During the latest ammo drought, I’ve been careful to check prices on the ammo that is available. As far as availability, there have been spot supplies of ammo but in a fairly narrow band. I continue to find a little 350 Legend and there has been shotgun ammo during early weeks of hunting season. While 22 rimfire has been wandering into stores, it seems like a lot of it – all I was seeing -- was in fifty-round boxes. The low(er)-cost bulk packs had been practically unavailable.
I recently found bulk 22 in two separate Academy stores; one during an extremely rare road trip. The round in question was the CCI Blazer 22 LR “200 Round Pour Pack.” This load features a 38-grain lead round nose bullet at a nominal 1,235 fps (likely out of a rifle barrel).
I’ve shot several pounds of CCI Blazer 22 LR in the past from the old cartons that held 10-fifty round boxes of 40gr. round nose lead ammo. I’d not seen the more recent iteration until earlier this year when it appeared on the CCI website.
I acquired some of the new ammo and, being a handgun shooter, I elected to check it out in a pair of handguns. While I didn’t use the most classically accurate 22s, I thought the 38gr. bullet out of guns most likely to be carried afield by folks who enjoy the outdoors, not formal target shooters. One gun was a revolver and the other a micro-auto.
The M63-5 is a stainless steel “kit gun,” with adjustable rear sight, a HI-VIZ red fiber optic front sight and a three-inch straight profile barrel. The 8-shot gun weighs in at 26 ounces and my sample has the Crimson Trace LG-405 laser grips – that I installed.
I like them and they fit my hand. The laser aiming option was turned off during this exercise.
The auto pistol was the Ruger “Lightweight Compact Pistol” – Version II – in the form of the
“Lite Rack” LCP II, chambered in 22 Long Rifle. The gun has the “Lite Rack” moniker because it is easy to manipulate. It’s like other LCPs – and it’s not. The open top slide, integral sights and internal hammer – visible when cocked – is similar. Like the other LCP II model in 380, the slide will lock open on the (current 380) magazine. It’s single action, unlike the first LCP versions. It weighs in at 11.2 oz. and has a 2.75” barrel.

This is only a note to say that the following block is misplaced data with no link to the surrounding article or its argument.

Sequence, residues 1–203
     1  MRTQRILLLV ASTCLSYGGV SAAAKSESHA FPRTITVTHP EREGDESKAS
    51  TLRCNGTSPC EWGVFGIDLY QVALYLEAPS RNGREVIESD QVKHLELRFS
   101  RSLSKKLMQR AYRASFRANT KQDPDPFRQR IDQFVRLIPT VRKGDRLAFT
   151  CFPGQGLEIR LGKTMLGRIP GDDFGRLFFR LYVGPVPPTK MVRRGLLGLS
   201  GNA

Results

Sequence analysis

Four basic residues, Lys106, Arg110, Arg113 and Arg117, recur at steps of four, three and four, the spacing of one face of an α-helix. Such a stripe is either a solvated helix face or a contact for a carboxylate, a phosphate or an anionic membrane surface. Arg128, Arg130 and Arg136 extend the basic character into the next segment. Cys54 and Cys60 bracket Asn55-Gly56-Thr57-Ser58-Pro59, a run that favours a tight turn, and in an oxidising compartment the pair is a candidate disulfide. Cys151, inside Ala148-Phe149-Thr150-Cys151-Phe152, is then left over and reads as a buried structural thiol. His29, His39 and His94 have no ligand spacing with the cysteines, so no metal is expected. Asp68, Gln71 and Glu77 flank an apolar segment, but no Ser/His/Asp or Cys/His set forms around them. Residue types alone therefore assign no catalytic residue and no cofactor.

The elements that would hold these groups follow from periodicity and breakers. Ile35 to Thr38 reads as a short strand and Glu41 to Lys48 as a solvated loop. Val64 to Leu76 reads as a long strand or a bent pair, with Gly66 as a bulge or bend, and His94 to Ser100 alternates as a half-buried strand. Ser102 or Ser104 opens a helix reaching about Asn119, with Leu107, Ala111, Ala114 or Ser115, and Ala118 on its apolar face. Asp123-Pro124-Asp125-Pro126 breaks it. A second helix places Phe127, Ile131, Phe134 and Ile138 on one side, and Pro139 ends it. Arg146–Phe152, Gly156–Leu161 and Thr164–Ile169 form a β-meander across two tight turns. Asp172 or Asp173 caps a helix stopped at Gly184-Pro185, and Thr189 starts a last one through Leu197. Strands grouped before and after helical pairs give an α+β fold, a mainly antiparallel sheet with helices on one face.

There’s a manual safety – which doesn’t exist on the centerfire ancestors. Simple to get off of “safe” – pushing the safety in the direction you need the projectiles to go – it’s not easy to “accidentally” apply. The manual safety can only be applied when the pistol is cocked. It disconnects the trigger from the hammer. The safety, when applied, blocks the hammer as well, preventing contact with the firing pin.
There’s a magazine disconnect feature on the rimfire gun. It’s not a “safety” as it won’t prevent firing when an empty (or loaded) magazine is installed. And it’s no substitute for locking the slide open and visually/physically inspecting the chamber to check the condition.
The factory doesn’t recommend subsonic or “match grade” 22 LR; the round must have sufficient energy to run the slide. It would be interesting to see how the bulk-pack Blazer ammo would run.
At ten yards, both guns shot similar groups in spite of the S&W’s superior sights -- and the fact that it’s a larger gun, with a more handy gripping surface.
At three yards, I put 8 hits into a single hole with the Kit Gun, shooting double-action. With the LCP II, the group was the size of a Kennedy ½ dollar coin – remember those? –largely due to the sights. I experienced no failures to fire, no function issues and – on the slightly breezy morning – no detectable smoke.
It was a pleasant shooting experience – and excellent trigger control practice. The ammo is quite functional. While not match-grade, it’s plenty accurate enough to test the skills of most of us – including me.
-- Rich Grassi